Some practical tips to keep in mind if an applicant is ever seeking committal proceedings to enforce compliance of an Order.
1. Set time frame to do the act
During litigation, if you are seeking to compel someone to do something (e.g. hand over documents, to hand over vacant possession, etc), do include an explicit time frame for them to do it. Committal can then be easily enforced for if there is a breach to do that act within that time frame (O. 45 r. 5 of the Rules of the High Court 1980 (“RHC”)), then you can apply for leave to commit. There is case law that states without such a time frame, you may not be able to go for committal. Without such a time frame, you may also not be able to get the penal indorsement (see below).
2. Set long enough time frame to get sealed Order and to serve
However, do list out a long enough time frame (e.g. 28 days) for that person to do the act as you can only go for committal if the sealed Order is served personally on that person before the expiration of the time frame (O. 45 r. 7(2)(b) RHC). You can however go for an extension of the time frame, but that will add further complication and another round of litigation.
3. Penal indorsement
In order for you to go for committal for failure to do something within a certain time, the sealed Order must be indorsed with the necessary penal notice. When trying to extract the sealed Order, please double check that both the Order is sealed AND the penal notice which is at the bottom of the Order is sealed as well. Failure to seal the penal notice will make it defective. Sometimes, the Registrar and the court staff will forget to get the penal indorsement sealed.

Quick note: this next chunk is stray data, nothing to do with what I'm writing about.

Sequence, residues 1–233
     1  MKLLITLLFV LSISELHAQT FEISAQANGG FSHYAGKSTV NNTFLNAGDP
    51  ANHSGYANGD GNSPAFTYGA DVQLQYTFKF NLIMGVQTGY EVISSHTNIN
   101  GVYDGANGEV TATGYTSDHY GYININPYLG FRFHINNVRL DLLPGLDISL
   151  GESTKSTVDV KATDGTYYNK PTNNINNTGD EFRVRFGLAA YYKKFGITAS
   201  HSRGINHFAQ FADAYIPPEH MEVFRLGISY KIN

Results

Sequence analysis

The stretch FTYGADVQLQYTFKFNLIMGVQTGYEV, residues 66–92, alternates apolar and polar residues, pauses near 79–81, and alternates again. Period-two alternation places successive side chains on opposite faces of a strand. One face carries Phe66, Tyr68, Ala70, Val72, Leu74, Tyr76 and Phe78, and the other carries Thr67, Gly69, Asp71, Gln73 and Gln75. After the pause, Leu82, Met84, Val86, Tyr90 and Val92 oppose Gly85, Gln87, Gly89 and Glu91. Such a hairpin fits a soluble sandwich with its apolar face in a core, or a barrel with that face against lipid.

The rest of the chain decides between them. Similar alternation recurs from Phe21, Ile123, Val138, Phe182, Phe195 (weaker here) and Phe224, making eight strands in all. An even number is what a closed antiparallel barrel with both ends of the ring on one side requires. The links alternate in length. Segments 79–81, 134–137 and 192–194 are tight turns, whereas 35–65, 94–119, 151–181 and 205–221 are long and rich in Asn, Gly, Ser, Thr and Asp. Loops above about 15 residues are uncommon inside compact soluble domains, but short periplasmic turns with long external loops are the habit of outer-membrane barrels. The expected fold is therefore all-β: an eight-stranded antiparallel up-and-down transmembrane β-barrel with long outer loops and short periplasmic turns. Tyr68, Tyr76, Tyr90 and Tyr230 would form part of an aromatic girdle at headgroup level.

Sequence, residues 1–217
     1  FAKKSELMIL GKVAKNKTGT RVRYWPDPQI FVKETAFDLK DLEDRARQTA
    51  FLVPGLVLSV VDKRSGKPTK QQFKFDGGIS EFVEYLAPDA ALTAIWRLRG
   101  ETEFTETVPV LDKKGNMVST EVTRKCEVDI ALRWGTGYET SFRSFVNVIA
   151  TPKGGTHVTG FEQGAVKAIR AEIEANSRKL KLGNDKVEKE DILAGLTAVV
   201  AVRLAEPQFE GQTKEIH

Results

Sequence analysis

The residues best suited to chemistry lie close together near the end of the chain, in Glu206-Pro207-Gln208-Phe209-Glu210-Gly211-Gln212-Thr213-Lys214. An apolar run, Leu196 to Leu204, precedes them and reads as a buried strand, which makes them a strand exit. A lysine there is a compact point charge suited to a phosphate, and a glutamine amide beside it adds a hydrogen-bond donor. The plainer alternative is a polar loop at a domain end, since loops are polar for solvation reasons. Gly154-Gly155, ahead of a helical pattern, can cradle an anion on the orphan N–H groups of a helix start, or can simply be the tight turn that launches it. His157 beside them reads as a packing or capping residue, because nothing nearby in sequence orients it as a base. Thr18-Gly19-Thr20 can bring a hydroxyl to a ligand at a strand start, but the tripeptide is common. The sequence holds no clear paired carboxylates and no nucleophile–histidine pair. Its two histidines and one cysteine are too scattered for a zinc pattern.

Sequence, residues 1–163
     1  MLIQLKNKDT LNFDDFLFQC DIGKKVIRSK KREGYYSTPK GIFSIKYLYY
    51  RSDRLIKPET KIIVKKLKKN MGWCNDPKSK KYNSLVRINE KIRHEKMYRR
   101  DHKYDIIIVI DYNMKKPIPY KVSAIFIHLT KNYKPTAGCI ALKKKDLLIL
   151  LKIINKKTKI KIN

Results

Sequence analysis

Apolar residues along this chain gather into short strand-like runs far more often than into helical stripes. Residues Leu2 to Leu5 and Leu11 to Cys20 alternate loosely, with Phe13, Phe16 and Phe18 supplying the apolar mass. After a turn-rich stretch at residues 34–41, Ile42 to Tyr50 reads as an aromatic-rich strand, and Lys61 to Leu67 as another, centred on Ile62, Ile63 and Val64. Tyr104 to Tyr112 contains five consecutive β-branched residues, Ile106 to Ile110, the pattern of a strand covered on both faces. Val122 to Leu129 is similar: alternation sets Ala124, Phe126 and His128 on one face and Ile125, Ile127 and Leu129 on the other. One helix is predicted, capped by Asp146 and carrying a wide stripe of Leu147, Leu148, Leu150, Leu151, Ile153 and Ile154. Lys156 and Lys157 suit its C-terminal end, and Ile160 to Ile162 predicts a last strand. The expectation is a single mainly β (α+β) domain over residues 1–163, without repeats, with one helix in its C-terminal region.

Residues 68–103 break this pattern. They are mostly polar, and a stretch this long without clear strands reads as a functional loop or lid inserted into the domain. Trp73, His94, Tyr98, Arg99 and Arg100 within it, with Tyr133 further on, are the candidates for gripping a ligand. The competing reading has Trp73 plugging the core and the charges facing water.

4. Leave for committal
When going for leave for committal, which is carried out on an ex parte basis, you may also want to consider whether you want to have an additional prayer to exclude the need for personal service of the committal papers. Possibly state that the proper service can be effected by service on the contemnors’ solicitors (applicable if there is already ongoing litigation).
This is useful where you have individuals who may evade the service of the contempt papers, because the RHC requires that the contempt papers, after you get leave, be served personally on the alleged contemnors.
There should be some explanation in your affidavit in support of leave as to why you are asking for dispensation of personal service. You may have tried to serve an order before on these individuals for instance. If there is no disclosure of such grounds, the contemnors could try to set aside the ex parte leave Order.
5. Ex parte hearing for leave
If you are on the other side and your opponent is seeking leave for committal and you get wind of it, there is a High Court authority allowing a Judge discretion to hear you notwithstanding that the RHC states that leave must be ex parte.
I however lost before a Judge when the Court read the RHC very strictly and said since the RHC states that leave for committal “shall” be heard ex parte, the Court had no discretion and the Court did not allow me to be heard at the ex parte leave hearing. I still prepared submissions and left the submissions and authorities with the Court, as I stated that since this was an ex parte hearing, the Court would still have to consider all the arguments for and against the grant of leave. I still lost the leave application anyway (but eventually succeeded in opposing the committal proper).